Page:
• involving a third party in the recruitment and data analysis stages of the project.
While coercion usually relates to threats of harm and undue influence, it has been argued that excessive financial compensation for participating in research is also a form of coercion (Klitzman, 2012). Incentive payments become a problem if and when they result in participants ignoring the risks associated with the research.
Can your participant competently judge for themselves what’s in their best interest? Participants must have the intellectual capacity and emotional maturity to understand the implications of what they are agreeing to. This is called decisional capacity.
The Australian Council for International Development (2017) sums it up well:
The core idea is that a participant agreeing to take part in research should do so voluntarily, without coercion and with sufficient understanding of the research procedures, potential risks and potential benefits.
In the case of adults who are not competent to make decisions for themselves, the researcher must seek permission from a responsible family member or a legal guardian.
Research involving children
If your research involves children, you will need to carefully check what the consent requirements are in your geographical area. Using Europe as one example, you can see how the rules and guidelines for child participation in research vary greatly.
In some countries, the age of the child is also not the determining factor and validity of the consent is tied to each individual child’s capacity to understand.
It’s important to note that parents and guardians don’t have the right to consent to harmful research on the child’s behalf. It’s also highly unethical for you to ask.
There are also situations where seeking parental consent might be a source of risk to the young person. For example, talking to child when a parent might be the perpetrator of domestic violence, speaking to a young person living on the street and talking to their estranged parents or talking to a teenager about their attitudes to sex if their parent is a devout follower of a conservative religion.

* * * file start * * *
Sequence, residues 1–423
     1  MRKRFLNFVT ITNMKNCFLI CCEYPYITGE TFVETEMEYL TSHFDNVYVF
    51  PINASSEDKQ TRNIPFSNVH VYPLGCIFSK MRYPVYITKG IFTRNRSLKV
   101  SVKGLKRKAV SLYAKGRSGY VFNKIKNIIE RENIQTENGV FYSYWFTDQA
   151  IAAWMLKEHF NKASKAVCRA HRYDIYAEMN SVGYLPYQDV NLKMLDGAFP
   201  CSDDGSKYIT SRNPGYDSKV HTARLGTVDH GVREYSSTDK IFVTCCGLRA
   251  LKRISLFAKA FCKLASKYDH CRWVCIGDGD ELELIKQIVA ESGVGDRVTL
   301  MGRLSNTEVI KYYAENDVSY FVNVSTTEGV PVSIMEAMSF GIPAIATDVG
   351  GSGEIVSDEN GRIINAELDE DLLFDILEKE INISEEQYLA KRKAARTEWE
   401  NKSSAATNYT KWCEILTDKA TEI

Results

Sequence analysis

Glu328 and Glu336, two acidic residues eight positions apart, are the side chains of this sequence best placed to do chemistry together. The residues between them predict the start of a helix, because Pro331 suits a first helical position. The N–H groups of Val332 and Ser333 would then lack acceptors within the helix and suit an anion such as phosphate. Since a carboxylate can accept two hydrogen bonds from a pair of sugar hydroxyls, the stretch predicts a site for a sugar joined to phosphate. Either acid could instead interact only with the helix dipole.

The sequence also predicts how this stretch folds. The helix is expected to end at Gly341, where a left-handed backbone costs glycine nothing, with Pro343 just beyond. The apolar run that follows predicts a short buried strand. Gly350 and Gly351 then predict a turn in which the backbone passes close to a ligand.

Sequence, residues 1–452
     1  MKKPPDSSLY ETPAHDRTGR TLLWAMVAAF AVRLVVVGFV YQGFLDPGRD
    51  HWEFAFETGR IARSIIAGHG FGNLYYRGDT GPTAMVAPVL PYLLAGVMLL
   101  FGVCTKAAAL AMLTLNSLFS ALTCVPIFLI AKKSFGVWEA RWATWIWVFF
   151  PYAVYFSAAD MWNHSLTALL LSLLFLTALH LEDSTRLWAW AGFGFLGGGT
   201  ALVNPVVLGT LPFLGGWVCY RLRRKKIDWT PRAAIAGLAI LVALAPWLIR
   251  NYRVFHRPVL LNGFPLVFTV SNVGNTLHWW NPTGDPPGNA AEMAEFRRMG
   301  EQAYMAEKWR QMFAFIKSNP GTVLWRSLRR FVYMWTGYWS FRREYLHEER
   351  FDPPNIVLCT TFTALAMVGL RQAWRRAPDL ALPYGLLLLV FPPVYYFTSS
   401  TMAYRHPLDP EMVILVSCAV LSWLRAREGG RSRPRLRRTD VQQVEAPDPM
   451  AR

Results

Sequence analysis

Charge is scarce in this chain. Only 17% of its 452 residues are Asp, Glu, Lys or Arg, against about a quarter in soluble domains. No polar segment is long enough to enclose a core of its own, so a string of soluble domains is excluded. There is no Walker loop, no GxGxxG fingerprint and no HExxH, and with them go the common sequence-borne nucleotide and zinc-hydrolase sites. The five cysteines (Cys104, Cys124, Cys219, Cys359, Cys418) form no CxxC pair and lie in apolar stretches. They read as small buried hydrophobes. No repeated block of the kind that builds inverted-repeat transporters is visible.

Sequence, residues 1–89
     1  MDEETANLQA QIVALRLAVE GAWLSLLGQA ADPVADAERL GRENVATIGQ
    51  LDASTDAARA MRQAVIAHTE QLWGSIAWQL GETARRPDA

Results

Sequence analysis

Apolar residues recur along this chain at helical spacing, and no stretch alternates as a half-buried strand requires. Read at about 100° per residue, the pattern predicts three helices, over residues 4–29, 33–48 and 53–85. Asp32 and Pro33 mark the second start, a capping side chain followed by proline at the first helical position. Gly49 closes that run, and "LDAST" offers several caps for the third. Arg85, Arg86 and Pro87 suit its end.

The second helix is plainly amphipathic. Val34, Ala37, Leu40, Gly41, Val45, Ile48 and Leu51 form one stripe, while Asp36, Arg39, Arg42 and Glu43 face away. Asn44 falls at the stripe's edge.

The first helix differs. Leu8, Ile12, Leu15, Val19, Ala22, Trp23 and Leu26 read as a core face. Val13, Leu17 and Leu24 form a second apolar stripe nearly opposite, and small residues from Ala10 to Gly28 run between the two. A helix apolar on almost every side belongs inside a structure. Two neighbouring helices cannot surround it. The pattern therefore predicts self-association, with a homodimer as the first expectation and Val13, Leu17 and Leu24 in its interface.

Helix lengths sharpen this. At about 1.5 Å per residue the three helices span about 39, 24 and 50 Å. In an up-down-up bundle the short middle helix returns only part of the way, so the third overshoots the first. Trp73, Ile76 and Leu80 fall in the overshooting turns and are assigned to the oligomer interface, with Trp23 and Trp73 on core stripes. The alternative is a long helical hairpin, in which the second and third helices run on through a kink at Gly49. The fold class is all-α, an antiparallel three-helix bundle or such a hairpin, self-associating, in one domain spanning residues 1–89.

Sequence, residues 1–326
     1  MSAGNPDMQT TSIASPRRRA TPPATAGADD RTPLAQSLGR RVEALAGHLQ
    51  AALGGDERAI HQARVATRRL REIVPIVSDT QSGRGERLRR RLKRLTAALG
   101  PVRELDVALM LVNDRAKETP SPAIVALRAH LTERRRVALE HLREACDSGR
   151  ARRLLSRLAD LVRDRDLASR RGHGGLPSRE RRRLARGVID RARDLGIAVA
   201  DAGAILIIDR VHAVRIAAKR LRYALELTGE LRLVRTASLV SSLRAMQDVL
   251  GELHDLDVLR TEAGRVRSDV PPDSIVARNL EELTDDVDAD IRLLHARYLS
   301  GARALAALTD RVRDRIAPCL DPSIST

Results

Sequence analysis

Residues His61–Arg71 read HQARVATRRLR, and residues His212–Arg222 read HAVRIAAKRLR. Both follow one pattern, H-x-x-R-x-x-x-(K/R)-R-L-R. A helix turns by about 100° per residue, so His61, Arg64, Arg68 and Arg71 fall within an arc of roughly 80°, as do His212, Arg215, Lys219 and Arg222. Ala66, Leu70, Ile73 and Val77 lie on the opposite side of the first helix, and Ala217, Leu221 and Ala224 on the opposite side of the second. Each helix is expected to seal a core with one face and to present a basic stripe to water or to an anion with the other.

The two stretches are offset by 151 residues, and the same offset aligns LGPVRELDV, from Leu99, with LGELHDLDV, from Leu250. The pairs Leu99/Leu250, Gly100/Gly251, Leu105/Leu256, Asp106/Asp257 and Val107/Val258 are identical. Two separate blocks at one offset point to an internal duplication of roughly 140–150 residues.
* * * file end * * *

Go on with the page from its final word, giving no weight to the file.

Facebook’s controversial emotional contagion research manipulated the newsfeeds of almost 700,000 users. It then analysed the content of subsequent postings to research emotional contagion in an online environment. When ethical concerns relating to informed consent and the manipulative nature of this research was raised (Jouhki, et al 2016), Facebook’s defense was that everyone had accepted the terms of the user agreement, which did include consent for research.
Was it unethical for the newsfeeds to be manipulated and people’s privacy to be violated? Do you think the consent clause buried in the fine print of the user agreement constitutes valid consent?


Australian Council for International Development. (2017). Principles and Guidelines for Ethical Research and Evaluation in Development.
Jouhki, J., Lauk, E., Penttinen, M., Sormanen, N., & Uskali, T. (2016). Facebook’s Emotional Contagion Experiment as a Challenge to Research Ethics. Media and Communication, 4 (4).
Klitzman, R. (2013). How IRBs view and make decisions about coercion and undue influence. Journal of Medical Ethics, 39(4).
© Deakin University & Griffith University